Trump’s win was a failure of many things—but democracy isn’t one of them

Don’t lose faith.
Don’t lose faith.
Image: AP Photo/Julio Cortez
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Donald Trump’s election victory has not only terrified liberals, minorities, and much of the planet, but has shaken some people’s faith in democracy itself. That this bigoted, lying, self-contradicting, autocratic, anti-science, tantrum-throwing man-child could become the world’s most powerful leader surely shows the very system for choosing leaders is fatally flawed. That far-right parties, emboldened, may now win several upcoming European elections surely shows voters cannot be trusted. Perhaps democracy has become too democratic. Perhaps we need epistocracy, where only the most knowledgeable can vote.

This is all wrong.

Yes, America’s democracy has many flaws. Yes, the parties and media that once acted as bulwarks against demagogues like Trump have been weakened. Yes, congressional districts are gerrymandered and the electoral college is a kooky anachronism. But overall, democracy did exactly what it’s meant to do. A lot of Americans, for a lot of reasons, were disgusted with politics-as-usual, and they showed it—by voting for Trump, or not voting at all.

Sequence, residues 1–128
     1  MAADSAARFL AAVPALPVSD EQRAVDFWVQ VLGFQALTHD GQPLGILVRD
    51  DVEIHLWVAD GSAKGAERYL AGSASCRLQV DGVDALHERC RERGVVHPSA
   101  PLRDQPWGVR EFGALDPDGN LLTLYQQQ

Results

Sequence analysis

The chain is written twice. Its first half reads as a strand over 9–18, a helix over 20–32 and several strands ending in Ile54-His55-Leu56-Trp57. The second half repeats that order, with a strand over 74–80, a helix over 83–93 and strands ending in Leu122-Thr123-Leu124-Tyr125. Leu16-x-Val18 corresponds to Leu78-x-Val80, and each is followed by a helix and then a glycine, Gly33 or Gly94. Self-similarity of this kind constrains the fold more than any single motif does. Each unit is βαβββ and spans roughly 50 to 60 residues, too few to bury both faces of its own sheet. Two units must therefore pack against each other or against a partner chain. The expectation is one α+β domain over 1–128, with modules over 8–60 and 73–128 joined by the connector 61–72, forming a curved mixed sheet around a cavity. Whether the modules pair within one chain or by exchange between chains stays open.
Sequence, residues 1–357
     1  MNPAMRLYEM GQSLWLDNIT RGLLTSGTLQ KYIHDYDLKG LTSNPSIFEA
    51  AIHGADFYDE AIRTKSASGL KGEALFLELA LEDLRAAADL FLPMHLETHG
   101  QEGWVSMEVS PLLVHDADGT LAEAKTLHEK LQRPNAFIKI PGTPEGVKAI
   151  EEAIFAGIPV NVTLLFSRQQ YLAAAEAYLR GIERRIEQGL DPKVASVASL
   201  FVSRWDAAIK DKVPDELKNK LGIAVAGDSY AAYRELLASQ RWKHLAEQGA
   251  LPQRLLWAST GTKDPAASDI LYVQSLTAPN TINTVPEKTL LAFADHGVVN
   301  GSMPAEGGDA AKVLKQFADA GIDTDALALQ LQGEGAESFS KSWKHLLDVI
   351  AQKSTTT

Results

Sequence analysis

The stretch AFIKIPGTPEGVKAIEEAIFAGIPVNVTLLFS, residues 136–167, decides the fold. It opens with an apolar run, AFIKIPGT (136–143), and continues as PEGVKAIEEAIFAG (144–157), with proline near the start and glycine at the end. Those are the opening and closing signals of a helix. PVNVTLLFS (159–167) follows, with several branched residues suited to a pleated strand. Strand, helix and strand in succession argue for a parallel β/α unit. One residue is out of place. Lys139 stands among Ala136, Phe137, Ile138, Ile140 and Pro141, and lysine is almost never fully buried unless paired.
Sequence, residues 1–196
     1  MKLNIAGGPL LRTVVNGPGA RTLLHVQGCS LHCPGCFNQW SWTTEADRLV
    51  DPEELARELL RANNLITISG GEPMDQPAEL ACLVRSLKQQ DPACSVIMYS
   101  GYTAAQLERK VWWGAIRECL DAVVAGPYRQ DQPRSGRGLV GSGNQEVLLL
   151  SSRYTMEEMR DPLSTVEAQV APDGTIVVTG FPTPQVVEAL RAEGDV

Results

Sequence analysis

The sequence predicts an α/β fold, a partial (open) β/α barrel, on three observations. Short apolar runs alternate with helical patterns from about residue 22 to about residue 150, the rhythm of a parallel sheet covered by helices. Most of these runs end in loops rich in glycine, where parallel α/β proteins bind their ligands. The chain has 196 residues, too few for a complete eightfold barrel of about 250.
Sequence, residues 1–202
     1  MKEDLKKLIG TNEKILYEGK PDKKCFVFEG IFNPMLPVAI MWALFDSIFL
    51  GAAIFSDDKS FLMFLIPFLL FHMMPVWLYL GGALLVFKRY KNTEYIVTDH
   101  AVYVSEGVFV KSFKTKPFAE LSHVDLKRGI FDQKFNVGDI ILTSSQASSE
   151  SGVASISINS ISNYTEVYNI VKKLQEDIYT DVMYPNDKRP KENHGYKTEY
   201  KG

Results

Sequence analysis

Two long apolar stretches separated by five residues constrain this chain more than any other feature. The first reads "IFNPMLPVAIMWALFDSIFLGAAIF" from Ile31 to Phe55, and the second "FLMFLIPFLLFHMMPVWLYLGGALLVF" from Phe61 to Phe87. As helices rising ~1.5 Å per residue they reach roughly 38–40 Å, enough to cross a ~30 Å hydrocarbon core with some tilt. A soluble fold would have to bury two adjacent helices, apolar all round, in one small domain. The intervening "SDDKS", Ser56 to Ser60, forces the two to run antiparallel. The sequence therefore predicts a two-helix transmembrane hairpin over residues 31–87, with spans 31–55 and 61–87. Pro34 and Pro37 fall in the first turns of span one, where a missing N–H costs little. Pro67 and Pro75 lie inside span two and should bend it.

In doing so they definitively marked the death of what Hungary’s Viktor Orban called “liberal non-democracy”—a long period in which a pro-globalization consensus ruled the political mainstream, oblivious to growing opposition on the fringes. Populists like Trump and the Brexiteers tapped into that opposition. Now pro- vs. anti-globalization has replaced left vs. right as the dividing line of a new political era.

This isn’t to say we should welcome Trump or others of his ilk. He is likely to dangerously weaken America’s civil rights and democratic institutions, not to say wreck the climate and threaten the US and world economy. But the blame lies not with democracy. It lies in the failure of the establishment to realize just how far it had fallen out of touch with people’s anger and just how easy it had become for a highly skilled rabble-rouser, relying on the internet and appeals to emotion rather than on traditional media and fact-based reasoning, to harness that anger.

There is now much soul-searching to be done for those (Quartz among them) who believe in keeping up the case for liberal values and open borders. But the answer is not to alter the nature of democracy. When democracy has picked an autocrat, it’s already too late.